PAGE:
4. Gabriel — defining finance, and distinguishing it from economics, strikes me as a hard thing to do, so I’ll just punt, point you to the definition of liquidity given here (page 8, bullet point 2), and suggest that applies to the discipline as a whole. Interestingly, as I’ve gotten close to the academic finance community, I’ve heard it claimed by different people that finance is basically an application of microeconomics, or basically an application of macroeconomics. Which way people go on this question seems to me like a Myers-Briggs of finance types, people who think finance is micro have a very different worldview than those who look at it as macro. (I’m macro-ish.)

    Daltica — Thanks for the pointer.

    Brad — I’m enormously grateful for your work, and I know I’m not alone. Re Felix, I do understand the constraints of non-pajama-based blogging, although alas indeed. My “complaint” was only a backhanded compliment. Top-notch financial journalists who are laugh-out-loud funny are very rare. Some hedge fund zillionaire needs to give him the blogging equivalent of tenure, just because I love to giggle.

  5. nadezhda writes:

    Many thanks for the annotated link roundup.

    One minor correction. The name of moldbug’s blog is “Unqualified Reservations.” There is indeed also a terrific blog, of many years standing, named “Unqualified Offerings”. It’s run by Jim Henley and focuses on US politics with a libertarian angle and foreign policy. Well-written, provocative and very entertaining, even for the non-lib’s among us.

  6. With two exceptions I’ve read every blog you mentioned. I skimmed your and Mencius Moldbug’s (MM) correspondence and borrowing from Shakespere conclude it is “Much Ado About Nothing”. By the way, MM’s website is titled “Unqualifed Reservations”. I think MM has a superb intellect and is widely read, even more widely read than I. That said, I think he takes 10 words to get to a one-word point.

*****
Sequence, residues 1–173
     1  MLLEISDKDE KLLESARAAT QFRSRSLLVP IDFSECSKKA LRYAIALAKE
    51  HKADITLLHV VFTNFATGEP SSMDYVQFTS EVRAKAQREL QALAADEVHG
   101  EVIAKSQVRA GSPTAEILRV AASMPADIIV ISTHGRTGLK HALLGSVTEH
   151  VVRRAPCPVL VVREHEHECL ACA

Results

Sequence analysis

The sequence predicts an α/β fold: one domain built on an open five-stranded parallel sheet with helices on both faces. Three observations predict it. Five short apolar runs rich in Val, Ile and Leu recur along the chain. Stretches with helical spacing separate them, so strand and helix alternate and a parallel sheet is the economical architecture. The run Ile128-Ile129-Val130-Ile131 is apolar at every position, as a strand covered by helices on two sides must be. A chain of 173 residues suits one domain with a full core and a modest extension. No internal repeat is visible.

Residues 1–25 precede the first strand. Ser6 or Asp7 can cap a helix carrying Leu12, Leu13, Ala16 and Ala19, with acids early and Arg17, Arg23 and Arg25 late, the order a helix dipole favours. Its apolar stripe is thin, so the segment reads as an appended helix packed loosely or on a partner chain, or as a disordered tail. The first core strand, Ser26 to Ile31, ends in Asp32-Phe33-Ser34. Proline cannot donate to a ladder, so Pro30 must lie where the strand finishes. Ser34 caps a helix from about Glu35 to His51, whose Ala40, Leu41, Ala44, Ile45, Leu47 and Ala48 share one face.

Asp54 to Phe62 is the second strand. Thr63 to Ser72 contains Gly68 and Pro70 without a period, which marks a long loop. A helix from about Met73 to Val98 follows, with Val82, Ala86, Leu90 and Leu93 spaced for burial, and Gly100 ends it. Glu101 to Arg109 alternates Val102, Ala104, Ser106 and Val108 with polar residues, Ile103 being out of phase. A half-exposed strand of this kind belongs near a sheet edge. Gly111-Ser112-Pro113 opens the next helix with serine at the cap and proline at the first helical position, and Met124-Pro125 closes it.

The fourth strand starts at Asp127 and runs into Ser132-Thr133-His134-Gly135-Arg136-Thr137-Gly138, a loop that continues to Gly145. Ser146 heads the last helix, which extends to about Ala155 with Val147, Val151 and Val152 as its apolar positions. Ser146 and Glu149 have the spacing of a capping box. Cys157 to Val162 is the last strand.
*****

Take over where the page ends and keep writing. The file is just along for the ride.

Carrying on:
7. nadezhda — Thanks very much for the catch. Fixed now. I have come across Jim Henley’s blog before, which probably explains the brainfart…

  8. Oh, and thank you too, IA. I was fixing while you were commenting… Concision is not MM’s strong point. I recommend his comments at Brad Setser’s for a more accessible taste… As I knew would happen, it is now the weight of my omissions that is troubling me. There is much excellence that has thus far evaded my RSS reader. I should do a better job trawling my commenters to find some.

  9. t writes:

    hear hear. the conversation is so good one wishes it was all one had on one’s plate.

  10. DRR writes:

    I have the burden of being very interested in these topics while being mostly uneducated about them. Most of what I know about economics and finance comes from reading econ &finance blogs. In this type of situation you have to be wary of how well you can trust the economist talking to you if you don’t have the ability to fact check him yourself (many economists, even good ones, present a skewed or limited picture.) I can honestly (and gladly) say that I can trust whatever Brad Setser says.